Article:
Let's start with a brief introduction of Bloom filters. Since general explanations are readily available, we'll present a mock sample that is not a true implementation – but we hope will be useful in illustrating Bloom filter logic and qualities.

We will continue the previous scenario of checking whether usernames appearing in a new batch appeared in previous batches.

Let's represent bits by letters of ABC. In this case, an empty Bloom filter will look like this:

fig4.png

Figure 3: Empty instance of Bloom filter

Letters represent the bits' indexes, while the values (currently all 0) are binary flags, representing the fact that all bits are currently empty.

The next step in building a Bloom filter is defining a set of k independent, uniform and preferably efficient hash functions. In real life a number of suitable fast implementations are recommended – such as murmur, Jenkins or FNV. In our mock sample, we'll define the following functions:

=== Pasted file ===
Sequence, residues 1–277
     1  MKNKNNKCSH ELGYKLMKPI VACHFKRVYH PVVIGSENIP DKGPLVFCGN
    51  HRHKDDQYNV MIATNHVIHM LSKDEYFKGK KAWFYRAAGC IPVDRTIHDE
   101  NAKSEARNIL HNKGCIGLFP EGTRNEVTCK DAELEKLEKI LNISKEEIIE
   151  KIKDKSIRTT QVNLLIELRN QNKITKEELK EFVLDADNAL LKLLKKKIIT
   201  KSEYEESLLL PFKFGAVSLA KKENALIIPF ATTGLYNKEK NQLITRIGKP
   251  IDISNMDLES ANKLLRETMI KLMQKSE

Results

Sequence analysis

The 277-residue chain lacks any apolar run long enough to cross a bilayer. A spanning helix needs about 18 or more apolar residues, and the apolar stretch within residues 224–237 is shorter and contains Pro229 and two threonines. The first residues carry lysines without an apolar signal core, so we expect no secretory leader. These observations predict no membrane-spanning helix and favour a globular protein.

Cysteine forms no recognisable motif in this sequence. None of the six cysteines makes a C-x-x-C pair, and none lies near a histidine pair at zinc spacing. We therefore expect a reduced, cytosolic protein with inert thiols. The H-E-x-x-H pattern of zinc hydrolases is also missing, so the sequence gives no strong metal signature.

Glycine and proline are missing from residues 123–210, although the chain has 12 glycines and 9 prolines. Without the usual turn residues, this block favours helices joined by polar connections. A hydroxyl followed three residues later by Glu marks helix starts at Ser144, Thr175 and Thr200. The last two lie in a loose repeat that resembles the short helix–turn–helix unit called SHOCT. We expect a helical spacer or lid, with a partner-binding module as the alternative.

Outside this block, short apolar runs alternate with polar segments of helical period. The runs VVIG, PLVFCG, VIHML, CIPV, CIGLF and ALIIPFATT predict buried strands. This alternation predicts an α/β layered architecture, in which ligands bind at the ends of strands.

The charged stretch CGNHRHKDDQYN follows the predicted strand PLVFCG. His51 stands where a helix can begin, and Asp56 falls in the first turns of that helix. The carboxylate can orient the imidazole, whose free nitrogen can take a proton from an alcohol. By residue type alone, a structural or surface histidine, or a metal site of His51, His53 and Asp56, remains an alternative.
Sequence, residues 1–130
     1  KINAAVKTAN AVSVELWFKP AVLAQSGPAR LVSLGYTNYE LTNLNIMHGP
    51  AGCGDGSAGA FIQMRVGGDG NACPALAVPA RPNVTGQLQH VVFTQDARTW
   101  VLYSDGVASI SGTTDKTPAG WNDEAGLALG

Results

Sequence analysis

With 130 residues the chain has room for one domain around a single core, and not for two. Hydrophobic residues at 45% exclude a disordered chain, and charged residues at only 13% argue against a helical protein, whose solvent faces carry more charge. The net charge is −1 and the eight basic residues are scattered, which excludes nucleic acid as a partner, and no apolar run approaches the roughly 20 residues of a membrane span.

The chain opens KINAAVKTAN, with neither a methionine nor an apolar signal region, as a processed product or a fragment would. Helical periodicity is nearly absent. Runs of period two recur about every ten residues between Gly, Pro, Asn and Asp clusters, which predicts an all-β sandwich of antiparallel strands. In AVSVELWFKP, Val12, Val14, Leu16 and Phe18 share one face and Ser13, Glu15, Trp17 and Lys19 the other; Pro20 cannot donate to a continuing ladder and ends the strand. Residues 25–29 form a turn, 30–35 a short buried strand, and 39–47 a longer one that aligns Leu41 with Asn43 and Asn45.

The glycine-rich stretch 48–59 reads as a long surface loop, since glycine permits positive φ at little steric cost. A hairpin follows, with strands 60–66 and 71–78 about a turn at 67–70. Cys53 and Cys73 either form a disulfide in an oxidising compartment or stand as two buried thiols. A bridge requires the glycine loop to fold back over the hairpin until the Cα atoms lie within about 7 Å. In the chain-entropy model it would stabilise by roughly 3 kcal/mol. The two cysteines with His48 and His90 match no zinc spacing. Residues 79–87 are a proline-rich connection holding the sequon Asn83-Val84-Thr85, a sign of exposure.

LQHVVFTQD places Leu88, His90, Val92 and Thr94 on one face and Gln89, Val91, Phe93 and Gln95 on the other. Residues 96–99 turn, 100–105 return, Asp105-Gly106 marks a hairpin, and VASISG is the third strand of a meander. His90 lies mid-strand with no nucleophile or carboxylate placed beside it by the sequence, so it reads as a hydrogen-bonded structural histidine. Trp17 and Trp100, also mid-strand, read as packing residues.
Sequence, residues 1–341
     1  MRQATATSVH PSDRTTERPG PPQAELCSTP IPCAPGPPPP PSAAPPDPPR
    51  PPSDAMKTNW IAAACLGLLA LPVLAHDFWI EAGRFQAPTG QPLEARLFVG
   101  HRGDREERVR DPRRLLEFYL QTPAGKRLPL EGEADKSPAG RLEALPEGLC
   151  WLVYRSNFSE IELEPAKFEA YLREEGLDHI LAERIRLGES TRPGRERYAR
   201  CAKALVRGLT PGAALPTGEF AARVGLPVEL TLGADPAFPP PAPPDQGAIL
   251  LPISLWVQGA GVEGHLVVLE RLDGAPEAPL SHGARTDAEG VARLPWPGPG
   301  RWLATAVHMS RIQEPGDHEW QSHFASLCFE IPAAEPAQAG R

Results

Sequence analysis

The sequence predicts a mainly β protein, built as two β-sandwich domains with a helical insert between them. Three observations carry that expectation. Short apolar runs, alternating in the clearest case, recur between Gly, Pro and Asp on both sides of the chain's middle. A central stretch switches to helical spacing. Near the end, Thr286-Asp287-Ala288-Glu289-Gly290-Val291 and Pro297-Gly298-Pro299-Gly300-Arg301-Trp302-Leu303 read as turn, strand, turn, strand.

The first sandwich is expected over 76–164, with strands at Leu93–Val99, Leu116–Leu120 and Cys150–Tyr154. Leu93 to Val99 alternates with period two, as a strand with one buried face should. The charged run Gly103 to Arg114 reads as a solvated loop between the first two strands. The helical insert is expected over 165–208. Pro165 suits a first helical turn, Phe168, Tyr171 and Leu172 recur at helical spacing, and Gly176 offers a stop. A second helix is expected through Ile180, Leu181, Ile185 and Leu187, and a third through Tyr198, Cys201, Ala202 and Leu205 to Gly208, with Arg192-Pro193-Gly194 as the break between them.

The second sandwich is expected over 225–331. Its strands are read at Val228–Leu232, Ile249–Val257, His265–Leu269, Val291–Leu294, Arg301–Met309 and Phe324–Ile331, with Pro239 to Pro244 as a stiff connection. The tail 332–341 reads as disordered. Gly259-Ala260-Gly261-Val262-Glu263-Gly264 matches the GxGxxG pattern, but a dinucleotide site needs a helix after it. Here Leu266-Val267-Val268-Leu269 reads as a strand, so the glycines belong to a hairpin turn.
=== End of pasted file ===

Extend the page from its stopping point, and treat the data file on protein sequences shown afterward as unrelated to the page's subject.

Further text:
eq2.png

If w represents a username, for example Alice, we get:

eq3.png

In a similar way:

eq4.png

Note that the output of each function is the index of a single bit in our Bloom filter – in our mock case, a letter. Generally speaking, a suitable hash function maps an entity to a single bit in the Bloom filter object.

Let's define a way to assign a new entity to the existing Bloom filter. This is done by looking at the output of predefined k hash functions and turning the values of all resulting bits to 1.

As shown in figure 4, we start with an empty filter – and want to assign usernames Alice and Ethan to it. Since the output of h1 for Alice is A, we turn the value of bit A in the filter to 1; likewise, h2(Alice)=E, so we turn the value of bit E to 1 as well. Similarly, the output h1(Ethan)=E and h2(Ethan)=N. If we add this username to the same filter, the bit E already equals to 1 (output of h2(Alice)), so we leave it as is, and turn the value of bit N to 1.

fig11.png

Figure 4: Assigning entities to Bloom filter